HMD Head Mounted Display Technology & How It Works
The following article is an in-depth look head mounted displays. It discusses what they are, how they work, and their benefits to users. It also includes details on some HMD models which have already been released to the market as well as some details regarding their potential future applications.
What Are Head Mounted Displays?
Head mounted displays, abbreviated as HMDs, provide users with a visual output via a device worn on the head. HMDs typically take the form of goggles, glasses or visors, and are sometimes mounted on a helmet for ease of use. Applications for head mounted displays range from gaming, to military and medical fields.
How Do Head Mounted Displays Work?
Most head mounted displays have a small screen positioned in front of each of the end userís eyes. Some, however, only have a tiny monitor for one eye, called a monocular HMD. The majority of HMDs are binocular, with displays for both eyes. The advantage of having binocular HMDs is the user is able to perceive depth when both eyes are able to view their own small screen. Three dimensional perception is achieved with binocular HMDs either with dual video displays, or with multiplexing.
The monitors in HMDs can employ various different display technologies. The earliest HMDs utilized Cathode Ray Tubes (CRTs). They were heavy to wear and bulky to use. More recent models have Liquid Crystal Displays (LCDs), Liquid Crystal on Silicon (LCoS) or Organic Light Emitting Diods (OLEDs). LCDs, LCoS and OLEDs are more compact and allow for a lighter-weight head mounted display. Their energy use is more efficient and therefore less expensive than those which use CRTs.
Many HMDs, particularly those marketed for gamers, are designed to only display computer generated images (CGI). HMDs used for applications in law enforcement, military, and medicine, for example, have the ability to display a real-world view superimposed with CGI. This is sometimes referred to as mixed reality, or augmented reality. HMDs which only show CGI are considered to be displaying virtual reality.
Many HMDs include speakers or headphones, to enhance the usersí sense of immersion by offering both auditory as well as visual experiences. Latency issues with wireless communications demand that the majority of HMDs be hard-wired to ensure top performance.
What Can You Do With A HMD?
Head mounted displays help to give the user a sense of immersion in the environment they are interacting with, whether thatís completely virtual or real with the added visual enhancements. HMDs also allow the advantage of a hands-free method of sharing information.
The most obvious application for HMD use is for simulation and training. By producing virtual environments end-users can feel immersed in, costs and risks associated with training are significantly reduced. With applications such as flying, driving, parachuting, machine maintenance, surgery, etc., experts can easily and inexpensively sharpen their skills or learn new ones with minimal risks to others and themselves.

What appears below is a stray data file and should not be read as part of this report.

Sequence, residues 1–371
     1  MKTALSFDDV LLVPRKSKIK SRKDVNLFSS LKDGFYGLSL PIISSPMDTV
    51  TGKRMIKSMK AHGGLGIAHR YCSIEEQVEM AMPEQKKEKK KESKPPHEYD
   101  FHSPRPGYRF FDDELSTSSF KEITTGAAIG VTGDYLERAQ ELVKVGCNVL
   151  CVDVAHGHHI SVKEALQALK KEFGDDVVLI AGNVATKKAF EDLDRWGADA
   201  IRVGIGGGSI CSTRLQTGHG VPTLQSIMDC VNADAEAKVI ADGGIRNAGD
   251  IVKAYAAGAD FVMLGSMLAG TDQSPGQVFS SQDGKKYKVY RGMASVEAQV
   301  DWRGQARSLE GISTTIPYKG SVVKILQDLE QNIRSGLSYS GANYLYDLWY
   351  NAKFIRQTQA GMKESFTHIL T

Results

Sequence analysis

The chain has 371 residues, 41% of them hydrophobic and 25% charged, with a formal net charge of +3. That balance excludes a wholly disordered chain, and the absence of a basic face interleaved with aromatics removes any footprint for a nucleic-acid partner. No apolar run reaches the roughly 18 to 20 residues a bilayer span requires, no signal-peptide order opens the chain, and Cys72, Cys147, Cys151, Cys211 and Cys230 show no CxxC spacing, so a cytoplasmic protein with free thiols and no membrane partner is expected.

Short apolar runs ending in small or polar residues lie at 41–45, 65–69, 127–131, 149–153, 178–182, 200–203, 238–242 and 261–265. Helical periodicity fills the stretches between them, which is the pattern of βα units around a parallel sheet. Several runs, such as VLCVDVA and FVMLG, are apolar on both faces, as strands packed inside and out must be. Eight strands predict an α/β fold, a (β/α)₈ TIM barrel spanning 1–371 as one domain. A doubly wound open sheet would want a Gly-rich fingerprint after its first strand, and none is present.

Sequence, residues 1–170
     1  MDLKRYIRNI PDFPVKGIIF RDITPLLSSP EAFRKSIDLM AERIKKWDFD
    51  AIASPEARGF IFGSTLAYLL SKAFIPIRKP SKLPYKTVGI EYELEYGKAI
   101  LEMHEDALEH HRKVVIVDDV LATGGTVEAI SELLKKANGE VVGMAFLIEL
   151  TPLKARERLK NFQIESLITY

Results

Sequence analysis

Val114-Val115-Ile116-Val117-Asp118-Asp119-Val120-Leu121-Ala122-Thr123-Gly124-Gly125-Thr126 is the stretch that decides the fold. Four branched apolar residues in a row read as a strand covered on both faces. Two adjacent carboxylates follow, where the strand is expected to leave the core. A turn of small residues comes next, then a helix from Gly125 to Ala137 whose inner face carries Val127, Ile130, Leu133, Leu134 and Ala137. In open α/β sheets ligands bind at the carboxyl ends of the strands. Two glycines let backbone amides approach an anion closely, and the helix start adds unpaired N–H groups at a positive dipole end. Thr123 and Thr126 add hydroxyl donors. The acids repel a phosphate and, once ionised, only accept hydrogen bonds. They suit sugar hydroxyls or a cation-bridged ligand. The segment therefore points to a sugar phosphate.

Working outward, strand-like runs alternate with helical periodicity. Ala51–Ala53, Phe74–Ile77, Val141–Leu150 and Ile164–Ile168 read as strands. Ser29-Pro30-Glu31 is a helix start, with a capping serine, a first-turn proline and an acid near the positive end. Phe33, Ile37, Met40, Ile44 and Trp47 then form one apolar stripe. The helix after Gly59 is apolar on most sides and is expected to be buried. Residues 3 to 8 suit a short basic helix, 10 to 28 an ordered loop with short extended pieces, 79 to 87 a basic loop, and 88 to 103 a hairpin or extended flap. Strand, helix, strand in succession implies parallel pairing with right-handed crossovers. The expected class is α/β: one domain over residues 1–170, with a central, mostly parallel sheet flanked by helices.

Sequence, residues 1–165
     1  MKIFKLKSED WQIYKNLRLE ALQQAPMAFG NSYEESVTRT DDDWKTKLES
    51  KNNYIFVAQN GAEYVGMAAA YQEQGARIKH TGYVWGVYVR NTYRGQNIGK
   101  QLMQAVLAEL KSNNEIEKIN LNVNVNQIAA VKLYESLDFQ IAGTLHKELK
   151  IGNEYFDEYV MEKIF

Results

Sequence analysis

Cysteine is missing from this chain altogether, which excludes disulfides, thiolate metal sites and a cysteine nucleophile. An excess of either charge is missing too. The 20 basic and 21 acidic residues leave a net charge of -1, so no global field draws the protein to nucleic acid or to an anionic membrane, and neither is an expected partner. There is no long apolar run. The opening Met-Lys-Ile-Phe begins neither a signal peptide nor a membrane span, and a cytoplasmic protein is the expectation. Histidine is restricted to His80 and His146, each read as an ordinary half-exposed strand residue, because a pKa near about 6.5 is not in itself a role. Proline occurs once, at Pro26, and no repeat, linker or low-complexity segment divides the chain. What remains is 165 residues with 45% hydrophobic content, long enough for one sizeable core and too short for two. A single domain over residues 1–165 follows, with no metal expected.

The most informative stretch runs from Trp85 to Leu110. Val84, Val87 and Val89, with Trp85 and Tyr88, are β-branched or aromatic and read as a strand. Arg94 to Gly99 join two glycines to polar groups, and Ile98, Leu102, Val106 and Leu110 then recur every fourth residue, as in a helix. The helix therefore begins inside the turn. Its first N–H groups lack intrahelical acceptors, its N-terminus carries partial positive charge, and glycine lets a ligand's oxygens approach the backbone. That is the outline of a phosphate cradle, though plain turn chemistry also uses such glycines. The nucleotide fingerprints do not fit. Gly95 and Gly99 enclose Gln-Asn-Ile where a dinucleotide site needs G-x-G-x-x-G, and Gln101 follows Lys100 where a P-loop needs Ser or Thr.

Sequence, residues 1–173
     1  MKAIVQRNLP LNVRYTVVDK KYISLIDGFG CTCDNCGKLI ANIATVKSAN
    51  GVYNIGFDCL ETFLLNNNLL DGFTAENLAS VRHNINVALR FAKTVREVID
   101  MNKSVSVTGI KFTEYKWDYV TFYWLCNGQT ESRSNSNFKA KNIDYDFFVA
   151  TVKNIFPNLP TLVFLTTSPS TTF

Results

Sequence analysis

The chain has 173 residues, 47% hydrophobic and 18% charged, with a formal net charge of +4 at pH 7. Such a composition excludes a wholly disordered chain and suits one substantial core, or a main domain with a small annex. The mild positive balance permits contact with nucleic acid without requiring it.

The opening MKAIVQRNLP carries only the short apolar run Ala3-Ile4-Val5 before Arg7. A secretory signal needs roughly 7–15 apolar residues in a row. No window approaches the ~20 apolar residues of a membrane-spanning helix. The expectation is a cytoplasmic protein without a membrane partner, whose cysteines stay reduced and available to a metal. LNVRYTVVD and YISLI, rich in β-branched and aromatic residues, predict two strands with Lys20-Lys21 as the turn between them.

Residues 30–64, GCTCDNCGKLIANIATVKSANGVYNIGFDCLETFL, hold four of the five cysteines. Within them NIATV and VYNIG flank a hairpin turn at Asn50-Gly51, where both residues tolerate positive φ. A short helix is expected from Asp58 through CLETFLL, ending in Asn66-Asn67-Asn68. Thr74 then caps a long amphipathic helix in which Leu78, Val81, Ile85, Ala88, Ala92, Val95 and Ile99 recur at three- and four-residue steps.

Gaming and entertainment are also a popular uses for HMDs. However, there is significant overlap between military training and first-person shooter games, for example. HMD users may be entertained and trained at the same time.
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Released HMD Models
Sonyís recently announced HMZ-T1 model contains two 0.7 inch OLED display monitors to produce a 720p 3D picture. The headphones built into this HMD have 5.1 channel surround sound capabilities.
iGlasses offers several different high-end models for computing simulation and gaming. They utilize LCDs, and various models include those for PC and MAC displays. iGlasses includes personal 3D HMDs both at a high-end and consumer price point, each of which also use LCDs in their monitors.
At a much more economical price-point, iTheaterís Head Mounted Display glasses contain two LCDs with a QVGA screen resolution of 320 x 240. The glasses can be plugged into an iPod, and display an image that is the equivalent of watching a 50 inch screen at a distance of 8.5 feet away. The iTheater HR model, by contrast, offers a VGA display of 640 x 480, which is similar to watching a 70 inch screen at that same distance.
Eye-Top Centraís monocular HMD is essentially a pair of sunglasses with a monitor attached to only on the right eye. The design is sleek and stylish, and the video can be connected via a simple female RCA jack. But it does not aim to totally immerse the viewer in the video. The left eye is free to view the real-world environment.
The Z800 3D visor by eMargin, in contrast, comes with advanced head-tracking to put the user into the 360 degree virtual gaming environment. The displays can be 2D or 3D, and they show a view equivalent to that of a 105 inch big screen.
The Future Of Head Mounted Displays
As with all technologies, the future promises HMDs will become smaller, and less expensive. The marketplace will demand higher resolution, more efficient use of power, faster performance. Though it remains to be seen how much the mainstream will adopt the technology. Governments and corporations will continue to fund research for specific applications of HMDs to benefit their training objectives. However, for the average consumer, the advantages of HMDs may not outweigh the cost.
Although HMDs have been around since the 1990s, they have not been very successful commercially. Corporate and military applications have driven the technology, which may not allow such an easy-fit into the marketplace. For serious gamers, and those training in high-risk fields such as law enforcement, the military, medicine and surgery, head mounted displays are key tools to enhance skills, increase response time and lower costs.